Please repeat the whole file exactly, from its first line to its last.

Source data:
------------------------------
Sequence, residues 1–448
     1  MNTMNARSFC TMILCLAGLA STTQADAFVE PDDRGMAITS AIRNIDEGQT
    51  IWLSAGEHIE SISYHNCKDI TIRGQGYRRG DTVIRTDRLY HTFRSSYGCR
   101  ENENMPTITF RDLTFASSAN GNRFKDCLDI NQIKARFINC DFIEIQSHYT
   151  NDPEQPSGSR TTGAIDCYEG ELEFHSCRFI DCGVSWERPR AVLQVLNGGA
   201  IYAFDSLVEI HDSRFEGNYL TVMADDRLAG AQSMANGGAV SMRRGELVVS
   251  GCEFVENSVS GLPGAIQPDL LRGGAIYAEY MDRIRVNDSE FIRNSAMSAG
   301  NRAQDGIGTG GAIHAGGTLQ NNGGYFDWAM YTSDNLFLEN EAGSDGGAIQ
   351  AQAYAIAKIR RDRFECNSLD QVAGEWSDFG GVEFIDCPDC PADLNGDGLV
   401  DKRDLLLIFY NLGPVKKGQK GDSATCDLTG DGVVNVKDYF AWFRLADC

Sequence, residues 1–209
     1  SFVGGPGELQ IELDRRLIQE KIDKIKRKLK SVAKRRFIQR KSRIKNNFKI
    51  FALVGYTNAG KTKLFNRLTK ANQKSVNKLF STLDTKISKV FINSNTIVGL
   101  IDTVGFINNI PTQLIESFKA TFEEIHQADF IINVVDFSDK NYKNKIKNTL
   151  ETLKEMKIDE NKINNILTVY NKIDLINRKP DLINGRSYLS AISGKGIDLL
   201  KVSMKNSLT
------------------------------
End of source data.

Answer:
Sequence, residues 1–448
     1  MNTMNARSFC TMILCLAGLA STTQADAFVE PDDRGMAITS AIRNIDEGQT
    51  IWLSAGEHIE SISYHNCKDI TIRGQGYRRG DTVIRTDRLY HTFRSSYGCR
   101  ENENMPTITF RDLTFASSAN GNRFKDCLDI NQIKARFINC DFIEIQSHYT
   151  NDPEQPSGSR TTGAIDCYEG ELEFHSCRFI DCGVSWERPR AVLQVLNGGA
   201  IYAFDSLVEI HDSRFEGNYL TVMADDRLAG AQSMANGGAV SMRRGELVVS
   251  GCEFVENSVS GLPGAIQPDL LRGGAIYAEY MDRIRVNDSE FIRNSAMSAG
   301  NRAQDGIGTG GAIHAGGTLQ NNGGYFDWAM YTSDNLFLEN EAGSDGGAIQ
   351  AQAYAIAKIR RDRFECNSLD QVAGEWSDFG GVEFIDCPDC PADLNGDGLV
   401  DKRDLLLIFY NLGPVKKGQK GDSATCDLTG DGVVNVKDYF AWFRLADC

Sequence, residues 1–209
     1  SFVGGPGELQ IELDRRLIQE KIDKIKRKLK SVAKRRFIQR KSRIKNNFKI
    51  FALVGYTNAG KTKLFNRLTK ANQKSVNKLF STLDTKISKV FINSNTIVGL
   101  IDTVGFINNI PTQLIESFKA TFEEIHQADF IINVVDFSDK NYKNKIKNTL
   151  ETLKEMKIDE NKINNILTVY NKIDLINRKP DLINGRSYLS AISGKGIDLL
   201  KVSMKNSLT